Qwest sues, says UTOPIA poaches pole space

Published June 2, 2005 12:46 am
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The Utah Telecommunications Open Infrastructure Agency, or UTOPIA, is facing a new obstacle in its quest to provide residents in 14 municipalities the opportunity to connect their homes to a high-speed fiber-optic telecom network.

Qwest Corp., the Denver-based telecommunications giant that provides most Utahns with their residential phone service, filed a lawsuit Wednesday in the U.S. District Court for Utah to block UTOPIA from using its telephone poles without permission and to force the agency to pay sales and property taxes.

"UTOPIA is using our facilities without having signed a pole attachment agreement - something we require of everyone that wants to use our poles," Qwest's Utah spokesman Vince Hancock said. "Also, their contractor is ignoring important safety standards that are in place to protect linemen."

Qwest also contends that UTOPIA was responsible for a massive phone outage in Murray on May 24 that disrupted services to residences, a hospital, a shopping mall and other businesses in that city. Qwest estimates damages could be in excess of $400,000.

UTOPIA executive director Roger Black said he has not yet had time to study the lawsuit and could not comment on the allegations it raises.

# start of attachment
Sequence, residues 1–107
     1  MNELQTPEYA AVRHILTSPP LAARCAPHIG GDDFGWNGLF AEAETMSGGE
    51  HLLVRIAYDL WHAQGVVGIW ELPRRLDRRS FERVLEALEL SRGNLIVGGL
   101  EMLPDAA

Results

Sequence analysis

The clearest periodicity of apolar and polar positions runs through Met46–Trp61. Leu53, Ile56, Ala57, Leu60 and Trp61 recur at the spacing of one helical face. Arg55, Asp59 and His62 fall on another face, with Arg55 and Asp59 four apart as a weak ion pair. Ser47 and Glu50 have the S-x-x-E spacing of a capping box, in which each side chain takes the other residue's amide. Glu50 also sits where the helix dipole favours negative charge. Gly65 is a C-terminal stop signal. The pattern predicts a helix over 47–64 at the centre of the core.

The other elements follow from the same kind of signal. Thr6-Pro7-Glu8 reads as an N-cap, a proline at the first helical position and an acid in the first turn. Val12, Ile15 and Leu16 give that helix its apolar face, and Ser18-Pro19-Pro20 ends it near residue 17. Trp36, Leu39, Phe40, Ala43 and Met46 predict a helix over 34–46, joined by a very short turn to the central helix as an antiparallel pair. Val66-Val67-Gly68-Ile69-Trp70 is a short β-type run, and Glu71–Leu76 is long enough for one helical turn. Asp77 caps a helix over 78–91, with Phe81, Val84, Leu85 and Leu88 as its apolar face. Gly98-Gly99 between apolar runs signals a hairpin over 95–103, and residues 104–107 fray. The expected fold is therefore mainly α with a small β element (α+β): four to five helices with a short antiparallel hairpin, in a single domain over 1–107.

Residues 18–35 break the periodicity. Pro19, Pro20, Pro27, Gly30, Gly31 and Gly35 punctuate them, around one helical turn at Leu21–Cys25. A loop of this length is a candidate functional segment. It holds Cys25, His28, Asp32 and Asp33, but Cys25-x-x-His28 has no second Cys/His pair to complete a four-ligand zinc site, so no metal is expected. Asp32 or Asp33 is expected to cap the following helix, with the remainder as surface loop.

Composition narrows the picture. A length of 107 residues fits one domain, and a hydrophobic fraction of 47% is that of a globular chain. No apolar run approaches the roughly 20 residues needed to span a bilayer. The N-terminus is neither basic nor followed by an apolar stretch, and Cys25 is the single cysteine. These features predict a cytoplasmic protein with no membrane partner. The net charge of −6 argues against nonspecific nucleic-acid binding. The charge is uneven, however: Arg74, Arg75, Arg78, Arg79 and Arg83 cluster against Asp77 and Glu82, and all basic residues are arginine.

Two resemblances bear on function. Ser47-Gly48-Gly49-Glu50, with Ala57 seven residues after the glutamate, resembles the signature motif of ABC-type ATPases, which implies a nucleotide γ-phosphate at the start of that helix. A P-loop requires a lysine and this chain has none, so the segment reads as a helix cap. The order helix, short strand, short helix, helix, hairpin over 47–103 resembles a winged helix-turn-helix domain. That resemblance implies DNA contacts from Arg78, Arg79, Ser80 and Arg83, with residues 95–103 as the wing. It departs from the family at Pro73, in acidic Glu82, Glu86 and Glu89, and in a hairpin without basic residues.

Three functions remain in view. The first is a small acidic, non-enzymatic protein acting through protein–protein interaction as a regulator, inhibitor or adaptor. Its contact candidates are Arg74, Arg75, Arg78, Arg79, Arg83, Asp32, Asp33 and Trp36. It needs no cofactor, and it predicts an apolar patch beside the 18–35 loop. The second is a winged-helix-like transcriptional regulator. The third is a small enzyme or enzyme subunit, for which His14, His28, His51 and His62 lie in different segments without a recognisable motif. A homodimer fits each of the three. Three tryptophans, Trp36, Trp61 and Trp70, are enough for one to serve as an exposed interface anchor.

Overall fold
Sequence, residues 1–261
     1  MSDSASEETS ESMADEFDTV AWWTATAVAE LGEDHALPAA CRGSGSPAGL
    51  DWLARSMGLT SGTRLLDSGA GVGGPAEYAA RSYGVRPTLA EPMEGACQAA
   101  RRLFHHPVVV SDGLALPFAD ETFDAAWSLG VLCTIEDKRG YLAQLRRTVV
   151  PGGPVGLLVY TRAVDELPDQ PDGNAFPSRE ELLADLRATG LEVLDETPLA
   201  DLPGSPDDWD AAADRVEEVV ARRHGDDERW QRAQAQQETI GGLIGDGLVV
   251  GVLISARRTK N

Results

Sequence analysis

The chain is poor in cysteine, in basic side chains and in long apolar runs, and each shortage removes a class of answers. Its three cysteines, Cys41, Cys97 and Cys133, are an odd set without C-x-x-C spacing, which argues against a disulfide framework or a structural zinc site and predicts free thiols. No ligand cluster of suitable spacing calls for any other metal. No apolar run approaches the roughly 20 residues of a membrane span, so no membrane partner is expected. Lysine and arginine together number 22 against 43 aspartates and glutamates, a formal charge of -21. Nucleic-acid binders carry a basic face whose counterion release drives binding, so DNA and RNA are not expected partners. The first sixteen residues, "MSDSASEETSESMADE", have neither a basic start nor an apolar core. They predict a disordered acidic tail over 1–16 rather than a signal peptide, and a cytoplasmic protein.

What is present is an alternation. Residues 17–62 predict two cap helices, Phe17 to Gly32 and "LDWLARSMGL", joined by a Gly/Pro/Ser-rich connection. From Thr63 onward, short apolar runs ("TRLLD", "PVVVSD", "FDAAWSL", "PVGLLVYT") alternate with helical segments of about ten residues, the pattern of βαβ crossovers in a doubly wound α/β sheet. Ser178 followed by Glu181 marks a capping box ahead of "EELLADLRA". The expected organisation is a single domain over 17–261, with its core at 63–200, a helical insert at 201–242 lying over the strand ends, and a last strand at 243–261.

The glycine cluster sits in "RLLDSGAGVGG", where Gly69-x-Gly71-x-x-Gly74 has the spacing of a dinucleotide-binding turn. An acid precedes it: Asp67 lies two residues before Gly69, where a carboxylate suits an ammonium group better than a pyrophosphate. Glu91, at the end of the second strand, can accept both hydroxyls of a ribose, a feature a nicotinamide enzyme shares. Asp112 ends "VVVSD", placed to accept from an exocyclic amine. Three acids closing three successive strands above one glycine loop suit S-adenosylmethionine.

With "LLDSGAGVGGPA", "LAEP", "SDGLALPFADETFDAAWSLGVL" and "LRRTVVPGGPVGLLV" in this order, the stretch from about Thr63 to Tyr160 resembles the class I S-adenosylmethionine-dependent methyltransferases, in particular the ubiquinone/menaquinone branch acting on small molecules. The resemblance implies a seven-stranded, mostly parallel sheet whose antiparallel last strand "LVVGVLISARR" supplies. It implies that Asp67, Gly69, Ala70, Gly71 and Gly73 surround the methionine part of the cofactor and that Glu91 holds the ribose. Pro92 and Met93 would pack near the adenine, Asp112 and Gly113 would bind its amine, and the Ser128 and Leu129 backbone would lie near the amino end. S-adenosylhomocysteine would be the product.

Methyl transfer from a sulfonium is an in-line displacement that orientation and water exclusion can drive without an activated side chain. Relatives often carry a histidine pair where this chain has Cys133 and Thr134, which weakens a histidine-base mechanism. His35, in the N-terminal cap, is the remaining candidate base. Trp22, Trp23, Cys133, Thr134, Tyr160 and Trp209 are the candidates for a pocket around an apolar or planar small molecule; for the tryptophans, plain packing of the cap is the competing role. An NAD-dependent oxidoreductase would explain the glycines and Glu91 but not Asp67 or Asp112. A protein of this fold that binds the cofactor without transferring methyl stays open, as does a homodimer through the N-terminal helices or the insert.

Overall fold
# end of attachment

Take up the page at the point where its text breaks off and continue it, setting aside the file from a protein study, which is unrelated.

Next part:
"We do have allowances in our budget for litigation," Black said, noting that UTOPIA is in negotiations on an agreement to use Qwest's poles.

The lawsuit, however, asks the court to order UTOPIA to remove fiber optic lines that it already has laid on Qwest's telephone poles and to stop laying new lines until such an agreement is signed.

"We've tried to negotiate with them [UTOPIA] and there is an agreement out there," Hancock said. "The problem is they want to dictate changes to that agreement, which is exactly the same thing that we require all companies to sign that want to use our facilities. We find that completely unacceptable."

UTOPIA was organized in 2002 by 18 Utah municipalities to explore the construction of a fiber-optic network that would serve all the homes and businesses within their cities.

Of the original UTOPIA founding cities, 11 remain part of the planned network and have pledged tax revenue to support a portion of the estimated $340 million in bonds necessary to complete construction of the network.

In its lawsuit, Qwest points out that UTOPIA, as an agency of the cities that created it, is exempt from sales and property taxes, which will enable it to operate and offer services over its network at below-market prices.

"These financial advantages, which are not available to Qwest or other private telecommunications companies that compete in the same wholesale and retail markets, provide UTOPIA with a distinct competitive advantage, which effectively prohibits other companies from competing with UTOPIA," Qwest alleges in its lawsuit.

Qwest is asking the court to order UTOPIA to pay sales and property taxes or to include the amount of those taxes into the rates it intends to charge potential customers for high-speed Internet, telephone and television services.

UTOPIA currently is constructing its network in six of its member cities - West Valley, Murray, Midvale, Lindon, Orem and Payson, Black said.

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